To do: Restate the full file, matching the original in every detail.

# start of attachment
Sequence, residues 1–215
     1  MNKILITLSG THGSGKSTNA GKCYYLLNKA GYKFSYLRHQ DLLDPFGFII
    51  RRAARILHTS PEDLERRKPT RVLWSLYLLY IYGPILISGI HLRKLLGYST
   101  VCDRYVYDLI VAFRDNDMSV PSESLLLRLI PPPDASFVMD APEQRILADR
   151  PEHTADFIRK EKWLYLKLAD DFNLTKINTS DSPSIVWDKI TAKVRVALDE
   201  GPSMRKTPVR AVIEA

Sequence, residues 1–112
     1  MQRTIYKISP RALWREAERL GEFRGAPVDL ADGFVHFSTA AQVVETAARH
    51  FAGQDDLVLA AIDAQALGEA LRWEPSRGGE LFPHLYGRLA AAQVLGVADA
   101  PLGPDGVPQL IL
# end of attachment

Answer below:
Sequence, residues 1–215
     1  MNKILITLSG THGSGKSTNA GKCYYLLNKA GYKFSYLRHQ DLLDPFGFII
    51  RRAARILHTS PEDLERRKPT RVLWSLYLLY IYGPILISGI HLRKLLGYST
   101  VCDRYVYDLI VAFRDNDMSV PSESLLLRLI PPPDASFVMD APEQRILADR
   151  PEHTADFIRK EKWLYLKLAD DFNLTKINTS DSPSIVWDKI TAKVRVALDE
   201  GPSMRKTPVR AVIEA

Sequence, residues 1–112
     1  MQRTIYKISP RALWREAERL GEFRGAPVDL ADGFVHFSTA AQVVETAARH
    51  FAGQDDLVLA AIDAQALGEA LRWEPSRGGE LFPHLYGRLA AAQVLGVADA
   101  PLGPDGVPQL IL